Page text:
"Was it a man or a woman?" she asked in a whisper, as we moved at last into the dark dampness of the outer air.
"I am not certain."
"Which do you think?"
"It looked like a woman."
"I was afraid it was a man in a long cloak."
"It may be a man. In this dim light it is not possible to be certain."
"Wait, Marian! I'm frightened—I don't see the path. Suppose the figure should follow us?"
"Not at all likely, Laura. There is really nothing to be alarmed about. The shores of the lake are not far from the village, and they are free to any one to walk on by day or night. It is only wonderful we have seen no living creature there before."
We were now in the plantation. It was very dark—so dark, that we found some difficulty in keeping the path. I gave Laura my arm, and we walked as fast as we could on our way back.
Before we were half-way through she stopped, and forced me to stop with her. She was listening.
"Hush," she whispered. "I hear something behind us."
"Dead leaves," I said to cheer her, "or a twig blown off the trees."
"It is summer time, Marian, and there is not a breath of wind. Listen!"
I heard the sound too—a sound like a light footstep following us.
"No matter who it is, or what it is," I said, "let us walk on. In another minute, if there is anything to alarm us, we shall be near enough to the house to be heard."
We went on quickly—so quickly, that Laura was breathless by the time we were nearly through the plantation, and within sight of the lighted windows.
I waited a moment to give her breathing-time. Just as we were about to proceed she stopped me again, and signed to me with her hand to listen once more. We both heard distinctly a long, heavy sigh behind us, in the black depths of the trees.
"Who's there?" I called out.
There was no answer.
"Who's there?" I repeated.
An instant of silence followed, and then we heard the light fall of the footsteps again, fainter and fainter—sinking away into the darkness—sinking, sinking, sinking—till they were lost in the silence.
We hurried out from the trees to the open lawn beyond crossed it rapidly; and without another word passing between us, reached the house.
In the light of the hall-lamp Laura looked at me, with white cheeks and startled eyes.
"I am half dead with fear," she said. "Who could it have been?"
"We will try to guess to-morrow," I replied. "In the meantime say nothing to any one of what we have heard and seen."
"Because silence is safe, and we have need of safety in this house."
I sent Laura upstairs immediately, waited a minute to take off my hat and put my hair smooth, and then went at once to make my first investigations in the library, on pretence of searching for a book.
There sat the Count, filling out the largest easy-chair in the house, smoking and reading calmly, with his feet on an ottoman, his cravat across his knees, and his shirt collar wide open. And there sat Madame Fosco, like a quiet child, on a stool by his side, making cigarettes. Neither husband nor wife could, by any possibility, have been out late that evening, and have just got back to the house in a hurry. I felt that my object in visiting the library was answered the moment I set eyes on them.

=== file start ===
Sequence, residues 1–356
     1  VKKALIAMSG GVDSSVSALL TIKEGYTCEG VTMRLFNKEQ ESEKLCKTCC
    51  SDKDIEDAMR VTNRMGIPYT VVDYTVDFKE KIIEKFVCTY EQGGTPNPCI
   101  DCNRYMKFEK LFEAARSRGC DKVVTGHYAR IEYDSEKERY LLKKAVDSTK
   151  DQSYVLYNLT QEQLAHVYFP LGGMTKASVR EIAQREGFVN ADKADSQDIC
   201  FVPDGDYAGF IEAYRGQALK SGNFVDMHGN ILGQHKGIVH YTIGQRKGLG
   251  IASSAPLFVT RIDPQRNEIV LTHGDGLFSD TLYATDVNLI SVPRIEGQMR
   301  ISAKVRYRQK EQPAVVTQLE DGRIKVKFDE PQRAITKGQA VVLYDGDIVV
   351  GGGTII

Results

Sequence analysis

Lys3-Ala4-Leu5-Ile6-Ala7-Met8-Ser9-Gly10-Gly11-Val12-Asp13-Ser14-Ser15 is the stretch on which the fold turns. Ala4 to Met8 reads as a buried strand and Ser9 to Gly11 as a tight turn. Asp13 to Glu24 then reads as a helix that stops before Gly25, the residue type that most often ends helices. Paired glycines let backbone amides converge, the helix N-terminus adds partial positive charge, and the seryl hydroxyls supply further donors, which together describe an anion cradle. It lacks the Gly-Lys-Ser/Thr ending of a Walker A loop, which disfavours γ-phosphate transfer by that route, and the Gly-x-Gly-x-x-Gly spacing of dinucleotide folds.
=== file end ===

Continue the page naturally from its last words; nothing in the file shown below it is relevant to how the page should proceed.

Count Fosco rose in polite confusion and tied his cravat on when I entered the room.
"Pray don't let me disturb you," I said. "I have only come here to get a book."
"All unfortunate men of my size suffer from the heat," said the Count, refreshing himself gravely with a large green fan. "I wish I could change places with my excellent wife. She is as cool at this moment as a fish in the pond outside."
The Countess allowed herself to thaw under the influence of her husband's quaint comparison. "I am never warm, Miss Halcombe," she remarked, with the modest air of a woman who was confessing to one of her own merits.
"Have you and Lady Glyde been out this evening?" asked the Count, while I was taking a book from the shelves to preserve appearances.
"Yes, we went out to get a little air."
"May I ask in what direction?"
"In the direction of the lake—as far as the boat-house."
"Aha? As far as the boat-house?"
Under other circumstances I might have resented his curiosity. But to-night I hailed it as another proof that neither he nor his wife were connected with the mysterious appearance at the lake.
"No more adventures, I suppose, this evening?" he went on. "No more discoveries, like your discovery of the wounded dog?"
He fixed his unfathomable grey eyes on me, with that cold, clear, irresistible glitter in them which always forces me to look at him, and always makes me uneasy while I do look. An unutterable suspicion that his mind is prying into mine overcomes me at these times, and it overcame me now.
"No," I said shortly; "no adventures—no discoveries."
I tried to look away from him and leave the room. Strange as it seems, I hardly think I should have succeeded in the attempt if Madame Fosco had not helped me by causing him to move and look away first.
"Count, you are keeping Miss Halcombe standing," she said.
The moment he turned round to get me a chair, I seized my opportunity—thanked him—made my excuses—and slipped out.
An hour later, when Laura's maid happened to be in her mistress's room, I took occasion to refer to the closeness of the night, with a view to ascertaining next how the servants had been passing their time.
"Have you been suffering much from the heat downstairs?" I asked.
"No, miss," said the girl, "we have not felt it to speak of."
"You have been out in the woods then, I suppose?"
"Some of us thought of going, miss. But cook said she should take her chair into the cool court-yard, outside the kitchen door, and on second thoughts, all the rest of us took our chairs out there too."
The housekeeper was now the only person who remained to be accounted for.
"Is Mrs. Michelson gone to bed yet?" I inquired.
"I should think not, miss," said the girl, smiling. "Mrs. Michelson is more likely to be getting up just now than going to bed."
"Why? What do you mean? Has Mrs. Michelson been taking to her bed in the daytime?"
"No, miss, not exactly, but the next thing to it. She's been asleep all the evening on the sofa in her own room."
Putting together what I observed for myself in the library, and what I have just heard from Laura's maid, one conclusion seems inevitable. The figure we saw at the lake was not the figure of Madame Fosco, of her husband, or of any of the servants. The footsteps we heard behind us were not the footsteps of any one belonging to the house.
Who could it have been?
It seems useless to inquire. I cannot even decide whether the figure was a man's or a woman's. I can only say that I think it was a woman's.